Swedish Homestead: How to Sawmill a Log from Start to Finish
By Wood-Mizer, Europe
Simeon Fuchs and his father, Helmut, are experts in operating their fifteen-year-old LT40 Hydraulic sawmill. “We want to demonstrate how to mill a log from the first cut to the end with the bandsaw mill and give you a feel for it,” Simeon says. With one log, Helmut demonstrates his best techniques of sawmilling lumber.
Using hydraulic loading arms, Helmut lifts the log onto the sawmill bed. Then he rotates the log with the log turner choosing the best log position for first cut. He secures the log on the bed with the hydraulic clamp. After measuring the log diameter, Helmut decides where he wants the blade to enter the wood, engages the blade and moves the saw head forward. He follows the saw head along with the log while milling. The result is a clean, fresh timber surface.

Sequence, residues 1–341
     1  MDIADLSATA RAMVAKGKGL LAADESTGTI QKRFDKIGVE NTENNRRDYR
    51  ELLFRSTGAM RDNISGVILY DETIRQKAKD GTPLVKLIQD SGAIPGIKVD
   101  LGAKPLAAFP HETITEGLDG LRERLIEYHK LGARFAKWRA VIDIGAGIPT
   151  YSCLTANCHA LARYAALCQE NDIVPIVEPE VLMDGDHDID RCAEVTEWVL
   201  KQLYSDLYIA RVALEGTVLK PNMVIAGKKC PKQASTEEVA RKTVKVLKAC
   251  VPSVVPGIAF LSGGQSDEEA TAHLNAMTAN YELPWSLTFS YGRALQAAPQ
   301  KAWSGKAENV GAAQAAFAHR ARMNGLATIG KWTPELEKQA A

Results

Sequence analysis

Simeon removes the cut piece of lumber from the sawmill, while Helmut returns with the saw head to start the next cut. Sawdust piles up on the ground but it can be collected in a plastic bag connected to a sawdust exhaust hose if required. Turning the log using the hydraulic clamp, side supports and log turner, Helmut makes several more cuts to produce a four-sided cant. Helmut works quickly and efficiently with the hydraulic log handling controls as he doesn’t need to manually load or turn logs.
He can make about four boards from the cant. After cutting the boards, Helmut takes fresh sawn unedged timber and edges it with his sawmill. Placing three boards on edge at once onto the sawmill, he cuts them all simultaneously, trimming them so that they are clean and even.